By Alex Cordero
Adrienne Spires, project coordinator at the California Coalition Against Sexual Assault (CALCASA) in Pasadena, has dedicated her life to advocating for sexual assault survivors.
Spires, an Illinois native from Chicago, began her early career with a master’s in education administration and working for a local school district. She worked in elementary schools and noticed that some of the children did not seem to be excited about attending school. When she mentioned her observation to her superiors, she was told the majority of the children dealt with family issues outside of school.
Spires’ curiosity about what was causing children to behave in a concerning way altered her career, leading to different roles that resulted in helping children and teens that were survivors of sexual abuse. As she expanded her experience and training in dealing with children who had endured sexual assault, her journey eventually led her to become an advocate.
“I realized trauma, unfortunately was a cross-sectional issue,” Spires’ career has led her to conclude.
An advocate to end sexual assault, Spires has built a lengthy career and is constantly developing her expertise in helping sexual assault survivors. She has different roles such as outreach counselor, volunteer coordinator, and her current title at CALCASA of project coordinator, just to name a few.
“I am a non-offending parent, which means I’m a parent who did not abuse her child. Unfortunately, one of my daughters was sexually abused by my ex-husband who was her biological father.
“Once I found that out it made me study more and advocate more and also learned that it was so widespread.”
Spires continued, “As a society, we do not have conversations about how we really do reside in a rape-culture society or victim-blaming society.”
Some of the first women in U.S. History to speak up about their sexual violence experiences were African American women and despite the changing narrative, like the Me Too Movement sparked in recent years, the culture of silence unfortunately remains dominant among people of color.
“In our communities of color we have a history of oppression, hierarchy, patriarchy. We know the system of racism and how it has impacted our communities, especially our black men or Latino men, and sometimes as a community we don’t want to talk about that.”
Spires explained that often in black communities there is an impetus to protect men in the community from racism and oppression in the legal and justice systems, and how this also feeds the culture of silence.
I asked Spires what things we can do in our community to shift the culture of silence. “I think we have to let victims/survivors in this movement … and let them know that we do support them. But we can’t put them on the stand and interrogate them when they decide to disclose.”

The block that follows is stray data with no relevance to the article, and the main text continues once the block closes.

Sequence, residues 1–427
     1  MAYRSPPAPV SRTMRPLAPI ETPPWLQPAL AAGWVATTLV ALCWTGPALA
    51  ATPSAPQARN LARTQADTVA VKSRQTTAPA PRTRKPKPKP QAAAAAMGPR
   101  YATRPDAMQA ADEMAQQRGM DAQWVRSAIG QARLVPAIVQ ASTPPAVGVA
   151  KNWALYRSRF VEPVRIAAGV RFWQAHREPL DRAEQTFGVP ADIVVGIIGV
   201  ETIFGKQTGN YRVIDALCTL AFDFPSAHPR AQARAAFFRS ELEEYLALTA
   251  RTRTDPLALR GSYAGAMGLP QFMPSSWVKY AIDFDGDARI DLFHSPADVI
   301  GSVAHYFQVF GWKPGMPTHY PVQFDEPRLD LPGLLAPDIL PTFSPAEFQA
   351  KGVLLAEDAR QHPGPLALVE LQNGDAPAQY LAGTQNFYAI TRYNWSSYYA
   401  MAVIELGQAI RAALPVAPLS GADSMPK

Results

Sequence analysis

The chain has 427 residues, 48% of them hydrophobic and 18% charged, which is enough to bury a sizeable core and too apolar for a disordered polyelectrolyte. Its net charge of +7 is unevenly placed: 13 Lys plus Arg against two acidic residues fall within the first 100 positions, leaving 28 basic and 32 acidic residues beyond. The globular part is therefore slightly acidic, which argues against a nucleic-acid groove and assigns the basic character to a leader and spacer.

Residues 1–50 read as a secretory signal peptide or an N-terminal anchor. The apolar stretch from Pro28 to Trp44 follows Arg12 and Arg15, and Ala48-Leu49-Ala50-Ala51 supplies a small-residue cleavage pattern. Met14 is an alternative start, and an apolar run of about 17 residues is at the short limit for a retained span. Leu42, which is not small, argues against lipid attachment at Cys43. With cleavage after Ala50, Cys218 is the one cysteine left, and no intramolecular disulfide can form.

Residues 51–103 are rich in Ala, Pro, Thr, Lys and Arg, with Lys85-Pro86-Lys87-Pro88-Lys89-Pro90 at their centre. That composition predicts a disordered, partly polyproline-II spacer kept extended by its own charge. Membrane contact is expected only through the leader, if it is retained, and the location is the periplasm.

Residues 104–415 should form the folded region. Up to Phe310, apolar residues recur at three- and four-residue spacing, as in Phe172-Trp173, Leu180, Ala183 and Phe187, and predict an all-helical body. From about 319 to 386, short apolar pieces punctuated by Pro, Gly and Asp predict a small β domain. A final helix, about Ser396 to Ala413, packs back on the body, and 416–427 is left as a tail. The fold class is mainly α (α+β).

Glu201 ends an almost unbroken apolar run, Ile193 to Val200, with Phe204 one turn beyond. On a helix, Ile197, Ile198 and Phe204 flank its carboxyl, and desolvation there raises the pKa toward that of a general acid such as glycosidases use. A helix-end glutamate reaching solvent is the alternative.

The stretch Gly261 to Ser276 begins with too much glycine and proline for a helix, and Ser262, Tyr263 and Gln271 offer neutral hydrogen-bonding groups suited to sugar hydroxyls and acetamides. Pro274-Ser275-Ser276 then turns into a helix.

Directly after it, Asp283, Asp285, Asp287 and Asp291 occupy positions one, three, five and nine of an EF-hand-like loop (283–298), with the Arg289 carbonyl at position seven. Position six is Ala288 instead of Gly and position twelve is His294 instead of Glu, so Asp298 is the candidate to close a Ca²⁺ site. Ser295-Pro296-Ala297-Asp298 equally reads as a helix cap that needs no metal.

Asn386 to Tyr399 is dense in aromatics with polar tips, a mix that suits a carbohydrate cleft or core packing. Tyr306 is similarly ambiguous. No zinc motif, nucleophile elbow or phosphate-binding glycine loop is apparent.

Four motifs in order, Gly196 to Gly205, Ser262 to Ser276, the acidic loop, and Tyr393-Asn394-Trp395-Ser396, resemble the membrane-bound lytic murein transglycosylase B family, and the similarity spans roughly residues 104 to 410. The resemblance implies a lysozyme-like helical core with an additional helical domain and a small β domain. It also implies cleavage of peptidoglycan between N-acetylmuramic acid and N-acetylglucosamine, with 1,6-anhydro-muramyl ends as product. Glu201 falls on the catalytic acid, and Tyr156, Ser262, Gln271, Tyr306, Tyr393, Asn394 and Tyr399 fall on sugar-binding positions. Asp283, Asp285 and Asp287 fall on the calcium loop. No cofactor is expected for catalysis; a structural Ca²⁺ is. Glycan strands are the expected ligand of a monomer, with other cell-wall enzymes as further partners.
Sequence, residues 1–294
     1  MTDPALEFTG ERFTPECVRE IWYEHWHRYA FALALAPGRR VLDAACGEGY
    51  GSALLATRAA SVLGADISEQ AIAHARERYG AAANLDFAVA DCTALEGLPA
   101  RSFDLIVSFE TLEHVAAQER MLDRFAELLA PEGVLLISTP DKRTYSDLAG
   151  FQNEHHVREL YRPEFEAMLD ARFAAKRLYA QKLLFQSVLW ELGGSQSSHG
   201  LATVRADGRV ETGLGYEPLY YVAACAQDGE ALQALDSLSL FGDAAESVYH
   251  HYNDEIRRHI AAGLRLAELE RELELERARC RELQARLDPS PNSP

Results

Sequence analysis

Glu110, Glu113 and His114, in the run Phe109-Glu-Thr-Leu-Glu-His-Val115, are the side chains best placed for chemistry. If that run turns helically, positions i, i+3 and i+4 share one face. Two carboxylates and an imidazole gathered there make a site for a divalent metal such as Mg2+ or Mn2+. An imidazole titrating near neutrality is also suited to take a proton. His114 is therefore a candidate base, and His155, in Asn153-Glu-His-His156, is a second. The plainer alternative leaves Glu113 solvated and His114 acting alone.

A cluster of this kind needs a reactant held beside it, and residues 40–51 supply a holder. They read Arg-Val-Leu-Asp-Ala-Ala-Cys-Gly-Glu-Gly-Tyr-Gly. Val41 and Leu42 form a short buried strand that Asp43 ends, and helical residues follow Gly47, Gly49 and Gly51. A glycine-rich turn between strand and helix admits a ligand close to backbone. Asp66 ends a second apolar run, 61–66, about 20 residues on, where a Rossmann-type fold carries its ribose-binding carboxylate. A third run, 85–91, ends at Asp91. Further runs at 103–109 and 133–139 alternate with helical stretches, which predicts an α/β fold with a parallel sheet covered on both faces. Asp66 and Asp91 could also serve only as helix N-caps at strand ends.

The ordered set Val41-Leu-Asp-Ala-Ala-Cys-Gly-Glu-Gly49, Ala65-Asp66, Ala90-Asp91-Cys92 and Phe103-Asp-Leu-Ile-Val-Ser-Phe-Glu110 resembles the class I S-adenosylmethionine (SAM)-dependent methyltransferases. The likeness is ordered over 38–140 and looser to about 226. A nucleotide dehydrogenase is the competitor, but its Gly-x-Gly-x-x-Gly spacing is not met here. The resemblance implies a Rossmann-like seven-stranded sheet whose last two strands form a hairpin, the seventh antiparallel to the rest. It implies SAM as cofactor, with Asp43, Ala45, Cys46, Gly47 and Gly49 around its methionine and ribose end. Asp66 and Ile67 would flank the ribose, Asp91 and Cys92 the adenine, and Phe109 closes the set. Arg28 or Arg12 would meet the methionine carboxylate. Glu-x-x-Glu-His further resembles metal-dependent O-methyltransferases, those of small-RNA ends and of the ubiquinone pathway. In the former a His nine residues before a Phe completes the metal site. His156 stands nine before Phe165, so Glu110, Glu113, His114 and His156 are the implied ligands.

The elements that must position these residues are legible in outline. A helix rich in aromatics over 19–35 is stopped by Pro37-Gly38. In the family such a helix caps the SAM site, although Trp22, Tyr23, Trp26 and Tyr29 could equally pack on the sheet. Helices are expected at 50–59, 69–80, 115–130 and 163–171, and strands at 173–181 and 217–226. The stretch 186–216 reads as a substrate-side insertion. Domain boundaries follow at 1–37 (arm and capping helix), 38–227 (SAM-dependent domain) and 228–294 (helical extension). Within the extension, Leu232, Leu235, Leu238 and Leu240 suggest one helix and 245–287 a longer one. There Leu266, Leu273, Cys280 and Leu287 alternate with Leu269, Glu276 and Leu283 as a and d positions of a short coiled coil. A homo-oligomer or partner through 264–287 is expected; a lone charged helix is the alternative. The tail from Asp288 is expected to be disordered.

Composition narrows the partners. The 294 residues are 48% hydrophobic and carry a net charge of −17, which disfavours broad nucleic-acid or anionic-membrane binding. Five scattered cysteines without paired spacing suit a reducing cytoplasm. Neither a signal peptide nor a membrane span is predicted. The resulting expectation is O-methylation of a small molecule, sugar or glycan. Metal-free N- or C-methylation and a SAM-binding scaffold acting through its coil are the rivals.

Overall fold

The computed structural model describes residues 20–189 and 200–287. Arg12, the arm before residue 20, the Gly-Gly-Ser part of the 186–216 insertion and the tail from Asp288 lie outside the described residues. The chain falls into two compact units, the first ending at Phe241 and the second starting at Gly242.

Spires discussed how a reaction and response from the person receiving a disclosure can be crucial as it can affect a victim’s decision on how to move forward on their path of healing. The type of response sexual assault victims encounter after disclosing their experiences may lead a victim to decide to not discuss their abuse further. Some victims feel blamed and often survivors of sexual abuse are accused of lying about their experience.
Spires advised that if anybody decides to confide in you about their sexual assault experience, the best thing to do is to listen. “Listen attentively and say ‘It’s not your fault. I’m sorry to hear that. You didn’t deserve that.’”
She continued, “As a community we have to work collaboratively with systems and institutions to bring awareness and understanding.”
Spires fully credits her faith and belief in God with helping her develop a strong state of mind to be able to cope with the imprint her advocacy work leaves on her life. She also acknowledges that her faith has played a major role in her own path of healing as a non-offending parent survivor. She feels that she can be of service to someone who may experience something similar.
Spires is a member of both Friendship Church and Pasadena Church and wants her community to know how proud and happy she is to be part of their congregation.
Spires also shared with me that organizations for sexual assault, such as CALCASA, and places of worship are presenting studies and research to advocates on the impact a sense of faith or spiritualism can have on the healing process for a survivor of sexual assault.
Spires is very excited to be part of an important event and invites her community to be part of it as well. Visit CALCASA for more details.